LAMENESS is a common and persistent problem in some sheep flocks.
It is a serious health and welfare issue that causes pain and discomfort. As well as effecting ewe health it can also impact on the financial side of the business in terms of time and money spent on products for treatment and prevention.
Jack Friar, Beef and Sheep Adviser at the College of Agriculture, Food and Rural Enterprise (CAFRE), said: “Poor mobility can have negative effects on production, fertility and longevity.
“It has been estimated that the cost of lameness can range anywhere from £4 to £14 per ewe depending on the severity of the problem. To minimise the impact of lameness on the health of the ewes and reduce the costs to the business, timely and effective management and treatment and prevention strategies should be implemented to keep the number of lame sheep below two per cent of the flock.
“The most common causes are infections such as scald, footrot and Contagious Ovine Digital Dermatitis (CODD). Other forms of lameness include non-infectious causes such as toe granuloma, toe abscesses and shelly hoof.”
These two are the most common causes of lameness and the primary source is the bacteria Dichelobacter nodosus.
Scald causes inflammation to the skin between the claws resulting in a red/pink infection with loss of hair. Transmission between sheep is primarily via soil with warm wet weather also contributing to the spread.
Other causes include dry, stoney ground or long tough grass which cause trauma to the feet that allows bacteria to penetrate the skin.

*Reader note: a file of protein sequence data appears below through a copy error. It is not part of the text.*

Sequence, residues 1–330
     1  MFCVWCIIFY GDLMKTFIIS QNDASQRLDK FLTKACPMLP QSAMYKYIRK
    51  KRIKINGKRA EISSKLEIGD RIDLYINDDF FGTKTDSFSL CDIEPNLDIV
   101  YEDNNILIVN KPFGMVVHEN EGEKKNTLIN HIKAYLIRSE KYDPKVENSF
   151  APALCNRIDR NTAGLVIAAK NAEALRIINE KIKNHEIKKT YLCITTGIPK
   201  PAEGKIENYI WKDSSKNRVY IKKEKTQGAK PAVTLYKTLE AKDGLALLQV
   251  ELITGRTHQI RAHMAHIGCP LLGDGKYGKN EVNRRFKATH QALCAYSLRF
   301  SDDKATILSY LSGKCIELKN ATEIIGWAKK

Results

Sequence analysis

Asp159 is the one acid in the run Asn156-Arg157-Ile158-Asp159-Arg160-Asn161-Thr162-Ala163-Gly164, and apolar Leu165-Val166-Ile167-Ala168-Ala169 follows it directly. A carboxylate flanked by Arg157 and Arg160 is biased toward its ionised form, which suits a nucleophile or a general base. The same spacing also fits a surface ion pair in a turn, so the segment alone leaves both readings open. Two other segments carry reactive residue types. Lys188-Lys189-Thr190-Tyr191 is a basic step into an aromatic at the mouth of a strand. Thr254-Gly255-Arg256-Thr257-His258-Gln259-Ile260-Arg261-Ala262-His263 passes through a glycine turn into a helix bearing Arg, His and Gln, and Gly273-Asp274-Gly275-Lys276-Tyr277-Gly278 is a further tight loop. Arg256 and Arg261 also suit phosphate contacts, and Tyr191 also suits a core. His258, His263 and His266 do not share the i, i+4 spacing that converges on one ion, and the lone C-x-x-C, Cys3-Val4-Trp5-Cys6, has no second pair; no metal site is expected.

Footrot is a more severe pre-sentation and occurs where scald is already established as the bacteria progresses to the hoof and causes more damage. Footrot can be identified by its characteristic foul smell due to infection forming when the sole and hoof wall separate. Cases need to be treated early to ensure a chance of an effective treatment. Footrot can also cause other problems by attracting flies, especially with the current warm conditions.
Jack Friar added: “CODD starts with ulcers at the coronary band (where the hoof and the hair meet) and the infection progresses down the hoof towards the toe and may result in the whole hoof capsule falling off.
“As the name suggests, it is contagious and can spread quickly through a flock, therefore early identification, separation and treat-ment is essential. To ensure the correct diagnosis seek help and advice from your private veterinary practitioner (PVP) as it can be difficult to differentiate CODD from footrot. Your vet will also provide the correct treatment protocol for the condition.
“There are five key points to remember to control lameness. Ensure quick identification and treatment of any lameness case. For individual cases of scald, these are often be treated using oxytetracycline aerosols or foot-bathing where several sheep are affected.
“Afterwards these sheep should be turned out to clean pasture to reduce reinfection as infective bacteria can survive for 10 to 14 days on pasture. For footrot, treatment is usually injection with a long lasting/acting oxytetracycline and use of an aerosol spray.